Insiders see Sharp, Foxconn talks going nowhere

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Insiders see Sharp, Foxconn talks going nowhere

Sharp’s talks with Taiwan’s Foxconn Technology Group over an investment in the Japanese electronics maker will probably end March 26 without an agreement, two persons familiar with the discussions said yesterday.

Negotiations haven’t led to a deal partly because the companies can’t agree on a price after Sharp’s shares declined, said one of the persons, both of whom asked not to be named. Shares of the Aquos television maker had their biggest one-day decline in two months yesterday, the biggest decline among companies in the Tokyo Stock Exchange’s first section.

Stumbling blocks in the talks also include management control and company strategy, one person said. Japan’s largest maker of liquid-crystal displays said in November that talks might continue beyond March. Sharp is trying to raise funds as it forecasts a record full-year loss of 450 billion yen ($4.8 billion) amid slow demand for its panels and TVs.

Foxconn, founded by billionaire Terry Gou, initially agreed in March to buy a 9.9 percent stake in Osaka-based Sharp for 550 yen a share. The deal foundered as Sharp’s shares plunged for seven straight months, reaching as low as 143 yen, and as Foxconn said it would renegotiate the price.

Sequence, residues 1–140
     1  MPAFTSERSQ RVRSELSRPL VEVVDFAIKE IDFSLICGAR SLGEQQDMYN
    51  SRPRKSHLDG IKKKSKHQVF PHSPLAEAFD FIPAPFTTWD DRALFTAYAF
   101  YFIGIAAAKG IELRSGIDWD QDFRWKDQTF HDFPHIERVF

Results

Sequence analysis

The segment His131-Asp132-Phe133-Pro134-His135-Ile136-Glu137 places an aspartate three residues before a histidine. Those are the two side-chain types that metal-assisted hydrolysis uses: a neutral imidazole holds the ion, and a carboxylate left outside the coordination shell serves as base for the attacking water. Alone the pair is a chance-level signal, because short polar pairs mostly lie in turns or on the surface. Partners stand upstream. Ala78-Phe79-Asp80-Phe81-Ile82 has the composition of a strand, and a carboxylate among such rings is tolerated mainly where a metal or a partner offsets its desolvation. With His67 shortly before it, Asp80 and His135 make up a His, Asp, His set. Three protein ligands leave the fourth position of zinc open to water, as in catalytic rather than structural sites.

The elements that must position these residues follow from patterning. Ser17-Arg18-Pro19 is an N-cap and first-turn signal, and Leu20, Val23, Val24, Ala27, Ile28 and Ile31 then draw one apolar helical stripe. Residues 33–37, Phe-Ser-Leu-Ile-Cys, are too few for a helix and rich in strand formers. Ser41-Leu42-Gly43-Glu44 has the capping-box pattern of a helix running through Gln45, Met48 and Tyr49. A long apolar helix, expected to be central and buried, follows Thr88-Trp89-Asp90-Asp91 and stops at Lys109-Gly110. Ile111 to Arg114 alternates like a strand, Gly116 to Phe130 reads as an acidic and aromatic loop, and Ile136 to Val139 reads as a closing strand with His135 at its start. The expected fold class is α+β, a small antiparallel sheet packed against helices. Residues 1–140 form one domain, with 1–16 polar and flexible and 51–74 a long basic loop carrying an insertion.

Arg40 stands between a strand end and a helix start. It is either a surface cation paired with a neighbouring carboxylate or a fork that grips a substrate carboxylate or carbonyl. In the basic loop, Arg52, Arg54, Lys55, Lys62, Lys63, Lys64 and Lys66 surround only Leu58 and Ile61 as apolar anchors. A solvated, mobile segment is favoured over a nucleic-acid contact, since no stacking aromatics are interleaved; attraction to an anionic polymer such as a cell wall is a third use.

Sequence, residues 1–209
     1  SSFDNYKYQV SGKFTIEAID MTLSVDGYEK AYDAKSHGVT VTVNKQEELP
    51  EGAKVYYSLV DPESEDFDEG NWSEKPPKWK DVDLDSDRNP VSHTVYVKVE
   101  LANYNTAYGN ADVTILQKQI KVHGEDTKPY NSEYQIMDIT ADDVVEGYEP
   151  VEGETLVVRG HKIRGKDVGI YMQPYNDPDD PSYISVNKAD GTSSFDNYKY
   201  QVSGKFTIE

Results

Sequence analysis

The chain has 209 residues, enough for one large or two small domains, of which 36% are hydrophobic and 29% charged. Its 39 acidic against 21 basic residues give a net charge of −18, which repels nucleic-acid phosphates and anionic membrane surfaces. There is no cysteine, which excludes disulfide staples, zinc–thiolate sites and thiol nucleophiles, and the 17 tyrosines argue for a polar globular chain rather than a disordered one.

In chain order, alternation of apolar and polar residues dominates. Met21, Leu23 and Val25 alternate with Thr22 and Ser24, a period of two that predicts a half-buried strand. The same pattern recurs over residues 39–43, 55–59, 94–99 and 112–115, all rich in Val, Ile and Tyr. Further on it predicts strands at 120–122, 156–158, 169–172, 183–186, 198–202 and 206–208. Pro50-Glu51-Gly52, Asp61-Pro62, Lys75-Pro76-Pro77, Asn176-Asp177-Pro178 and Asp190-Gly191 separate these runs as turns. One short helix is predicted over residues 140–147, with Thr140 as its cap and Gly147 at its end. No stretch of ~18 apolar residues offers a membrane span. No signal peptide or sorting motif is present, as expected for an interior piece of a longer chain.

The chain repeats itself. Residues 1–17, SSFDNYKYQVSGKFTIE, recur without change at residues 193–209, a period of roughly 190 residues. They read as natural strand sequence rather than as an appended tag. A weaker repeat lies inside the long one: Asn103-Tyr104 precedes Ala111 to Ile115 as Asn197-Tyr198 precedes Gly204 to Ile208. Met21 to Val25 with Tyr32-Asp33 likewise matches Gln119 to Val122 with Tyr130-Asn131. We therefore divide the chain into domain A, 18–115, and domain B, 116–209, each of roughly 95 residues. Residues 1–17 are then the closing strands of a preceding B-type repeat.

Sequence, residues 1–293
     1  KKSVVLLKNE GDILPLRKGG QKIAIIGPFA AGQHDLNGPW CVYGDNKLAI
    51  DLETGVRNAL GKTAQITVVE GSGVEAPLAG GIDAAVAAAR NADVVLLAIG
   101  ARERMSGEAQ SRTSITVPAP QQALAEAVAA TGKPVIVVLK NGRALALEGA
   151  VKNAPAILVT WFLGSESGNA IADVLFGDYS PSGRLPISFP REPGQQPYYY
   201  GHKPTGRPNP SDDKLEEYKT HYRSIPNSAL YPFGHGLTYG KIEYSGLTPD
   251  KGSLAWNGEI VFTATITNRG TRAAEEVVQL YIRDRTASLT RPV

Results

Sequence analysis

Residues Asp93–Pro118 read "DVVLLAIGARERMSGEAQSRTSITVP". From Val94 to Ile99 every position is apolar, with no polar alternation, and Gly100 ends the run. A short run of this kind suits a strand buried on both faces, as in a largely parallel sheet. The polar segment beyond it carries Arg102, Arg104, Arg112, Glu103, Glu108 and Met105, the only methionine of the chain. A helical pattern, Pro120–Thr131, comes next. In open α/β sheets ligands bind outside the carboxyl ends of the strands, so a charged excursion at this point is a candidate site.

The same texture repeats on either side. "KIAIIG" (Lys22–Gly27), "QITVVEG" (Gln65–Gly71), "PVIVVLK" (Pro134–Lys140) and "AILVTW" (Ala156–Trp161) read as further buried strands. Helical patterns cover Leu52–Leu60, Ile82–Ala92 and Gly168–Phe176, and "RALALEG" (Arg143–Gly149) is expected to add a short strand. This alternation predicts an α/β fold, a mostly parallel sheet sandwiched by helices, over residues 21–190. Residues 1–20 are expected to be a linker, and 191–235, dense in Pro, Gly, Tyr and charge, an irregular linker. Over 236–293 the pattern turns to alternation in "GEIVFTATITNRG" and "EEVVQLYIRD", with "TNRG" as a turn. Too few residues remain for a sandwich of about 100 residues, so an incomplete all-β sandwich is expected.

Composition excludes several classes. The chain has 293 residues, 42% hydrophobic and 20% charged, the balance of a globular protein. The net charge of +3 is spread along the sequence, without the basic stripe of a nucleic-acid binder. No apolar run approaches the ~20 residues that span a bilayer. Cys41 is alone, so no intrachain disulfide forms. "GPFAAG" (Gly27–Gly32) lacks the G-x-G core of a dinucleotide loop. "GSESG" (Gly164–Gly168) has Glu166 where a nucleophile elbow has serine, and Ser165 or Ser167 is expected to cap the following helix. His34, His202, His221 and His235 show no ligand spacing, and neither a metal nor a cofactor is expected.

The Mainichi newspaper reported Feb. 23 Saturday that Sharp might suspend the share-sale talks, without saying where it got the information. The Sankei newspaper said the electronics maker is considering measures including a public share sale to raise about 200 billion yen.

Miyuki Nakayama, a Tokyo-based Sharp spokeswoman, said the company wasn’t the source of either report and no decision has been made on ending negotiations with Foxconn or selling shares.

“Discussions are ongoing,” said Louis Woo, a spokesman for Taipei-based Foxconn. “We are not bound by any timetable.”

Hon Hai Chief Financial Officer Huang Chiu-lian said in June that the company’s plans to take a stake in Sharp faced resistance from management and board members of the Japanese company. Sharp’s managers “fear the company becoming a part of Hon Hai,” Huang said at the time.

Discussions over other types of cooperation and the possible sales of Sharp factories to the Taiwanese company may continue, the two people familiar with the talks said. Sharp sold a stake in an LCD factory in Sakai, central Japan, to Foxconn’s Gou in July.

Sharp is in talks with other companies on possible share sales and aims to include a deal in its medium-term business plan, which may be disclosed next month, one person said.

The TV-maker agreed in December to sell as much as 9.9 billion yen of new shares to San Diego-based Qualcomm. The U.S. chipmaker has so far bought 4.9 billion yen as part of the two-step transaction.

Sharp shares plunged 55 percent to 303 yen last year amid widening loss forecasts. The company has reduced its workforce, sold assets and mortgaged its headquarters to refinance debt after posting a record 376 billion-yen net loss in the fiscal year ended March 31. The shares have gained 2.3 percent this year. Bloomberg
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